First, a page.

You build your “deck” out of any 20 cards you own. As long as you have the resources to play the card, you click the card icon (you have your entire deck displayed at all times) then click on the visible play field. If you summon near a building you own (resource building or one of your card/buildings) the card comes in at full HP with all abilities ready, but if not it comes in at half HP and can’t use abilities for a short while. Obviously you will want a mix of low and high Orb costing cards. Otherwise the game plays a lot like most RTSs (control groups, packs of units, right click here right click there…). There is not really base building. The only buildings are resources or your summoned card buildings.
Graphically the game is very much like WoW and has that cartoony look. Personally I like it. There are a lot of effects and the larger creatures are pretty epic feeling.
The game takes a nod from MMOs as well and there is a pretty substantial PvE element to it. Now this is not “comp stomp vs skirmish AI” (there is no such thing in this game) it is mission based scenarios that are played with 1, 2, 4, or 12 people (yes 12) that you open up as you progress through the map. The missions are pretty hard and each one has difficulty three settings. Each setting has a set of rewards that are given out as “loot” for beating the mission and each win does not get you all the loot for that difficulty. Loot comes in the form of Gold (spent for in game mail or actually applying your upgrades) or Upgrades (more on this in a second). In a sense it is a bit like Guild Wars PvE or maybe a dungeon raid in a MMO, but done as a co-op missions. They can be pretty tough though. My buddy and I had a lot of fun with this in the beta and was ultimately what led us to pre-order. You will be going back over and over trying to get that upgrade to “drop” off the boss/ mission. Its fun as a co-op experience.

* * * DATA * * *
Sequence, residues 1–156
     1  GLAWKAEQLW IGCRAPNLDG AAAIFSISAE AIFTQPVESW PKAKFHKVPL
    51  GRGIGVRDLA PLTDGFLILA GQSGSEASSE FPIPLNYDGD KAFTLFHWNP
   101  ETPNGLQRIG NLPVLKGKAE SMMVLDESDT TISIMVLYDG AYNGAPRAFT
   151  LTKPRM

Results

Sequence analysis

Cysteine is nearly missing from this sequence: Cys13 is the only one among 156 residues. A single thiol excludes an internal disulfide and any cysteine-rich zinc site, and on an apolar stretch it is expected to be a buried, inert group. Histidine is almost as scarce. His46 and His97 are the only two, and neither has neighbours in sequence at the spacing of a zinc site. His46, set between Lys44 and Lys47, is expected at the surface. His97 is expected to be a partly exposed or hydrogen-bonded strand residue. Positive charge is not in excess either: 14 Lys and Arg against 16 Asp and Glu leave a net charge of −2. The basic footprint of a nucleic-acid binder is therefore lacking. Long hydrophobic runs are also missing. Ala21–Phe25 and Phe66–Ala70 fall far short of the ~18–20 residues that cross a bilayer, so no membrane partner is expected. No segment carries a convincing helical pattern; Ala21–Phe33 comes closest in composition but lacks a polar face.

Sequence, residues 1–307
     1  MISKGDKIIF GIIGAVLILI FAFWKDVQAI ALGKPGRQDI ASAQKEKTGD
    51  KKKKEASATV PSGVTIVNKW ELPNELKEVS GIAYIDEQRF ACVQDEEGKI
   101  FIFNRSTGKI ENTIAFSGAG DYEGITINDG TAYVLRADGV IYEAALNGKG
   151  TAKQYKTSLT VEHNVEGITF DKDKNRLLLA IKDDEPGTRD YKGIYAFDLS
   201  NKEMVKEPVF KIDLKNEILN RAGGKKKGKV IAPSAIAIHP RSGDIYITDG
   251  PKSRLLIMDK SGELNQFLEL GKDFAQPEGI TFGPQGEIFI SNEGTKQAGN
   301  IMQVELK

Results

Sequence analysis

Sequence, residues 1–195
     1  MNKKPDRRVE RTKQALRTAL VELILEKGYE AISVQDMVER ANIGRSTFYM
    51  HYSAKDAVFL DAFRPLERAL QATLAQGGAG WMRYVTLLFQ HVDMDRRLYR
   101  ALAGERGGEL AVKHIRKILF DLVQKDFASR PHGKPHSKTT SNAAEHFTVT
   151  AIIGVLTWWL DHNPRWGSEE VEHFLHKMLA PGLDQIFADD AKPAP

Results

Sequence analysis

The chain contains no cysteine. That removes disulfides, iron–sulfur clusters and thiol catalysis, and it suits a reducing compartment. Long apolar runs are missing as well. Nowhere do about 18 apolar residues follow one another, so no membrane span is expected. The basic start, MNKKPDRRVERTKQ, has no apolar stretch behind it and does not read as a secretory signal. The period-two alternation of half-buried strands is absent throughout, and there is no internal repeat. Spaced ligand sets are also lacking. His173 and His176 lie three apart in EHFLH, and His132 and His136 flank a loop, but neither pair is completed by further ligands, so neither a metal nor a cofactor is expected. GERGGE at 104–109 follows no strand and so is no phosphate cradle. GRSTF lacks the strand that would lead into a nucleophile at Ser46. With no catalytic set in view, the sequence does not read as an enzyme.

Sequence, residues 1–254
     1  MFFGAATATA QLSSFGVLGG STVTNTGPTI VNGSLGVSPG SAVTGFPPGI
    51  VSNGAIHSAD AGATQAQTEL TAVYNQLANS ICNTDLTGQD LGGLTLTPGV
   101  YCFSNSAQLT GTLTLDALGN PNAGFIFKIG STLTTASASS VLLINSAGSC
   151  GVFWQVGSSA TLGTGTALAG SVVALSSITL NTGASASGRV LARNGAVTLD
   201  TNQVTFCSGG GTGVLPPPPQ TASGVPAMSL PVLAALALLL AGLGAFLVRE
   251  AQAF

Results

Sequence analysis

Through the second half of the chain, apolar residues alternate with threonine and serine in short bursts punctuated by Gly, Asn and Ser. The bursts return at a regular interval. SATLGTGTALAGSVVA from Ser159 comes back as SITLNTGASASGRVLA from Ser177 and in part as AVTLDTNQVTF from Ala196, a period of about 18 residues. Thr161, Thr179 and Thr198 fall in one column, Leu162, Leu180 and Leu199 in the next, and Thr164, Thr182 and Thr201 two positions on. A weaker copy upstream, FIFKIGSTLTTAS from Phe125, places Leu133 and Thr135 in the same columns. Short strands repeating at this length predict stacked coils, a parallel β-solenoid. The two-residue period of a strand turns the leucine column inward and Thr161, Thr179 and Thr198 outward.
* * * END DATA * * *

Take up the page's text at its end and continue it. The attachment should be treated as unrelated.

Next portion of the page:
So what are these “upgrades” you get as loot? Well, each card can be upgraded to add to its stats. Each card has 2 main upgrades (gotten as loot) and 2 other upgrades that simply effect the cooldown of recasting a card which is obtained through having multiples of the same card. It is pretty cool hunting for upgrades of your cards (it might have been cooler to get just new cards, but hey its EA). Here is the big downside to upgrading though. Once you upgrade a card you cant trade or auction it. So, think about what you upgrade if you are a super trader guy.
The other side of the game is PvP which I didn’t do any of. I do know it is very fast paced and combat starts early and games go pretty fast. All fire seems to be the FotM with an emphasis on rushing monoliths with flyers and using cheap tier 1 direct damage. From reading forums, this will probably evolve as there is less newbness going around. Also you win tokens in PvP which help in upgrading the second step on cards. I don’t know much about this, sorry.
So that is the gist of it. Its not really like anything out there. Its an RTS at its core, but with pretty big card and MMO influences. I am not sure if this helps, but try to imagine Rise of Legends mashed together with Guild Wars, Magic the Gathering, and a dash of WoW meta elements (auction, grouping, etc).
For those still reading, I like it and feel it should get more than the ziltch buzz its getting now, but be warned of the pricing. I hope that helps.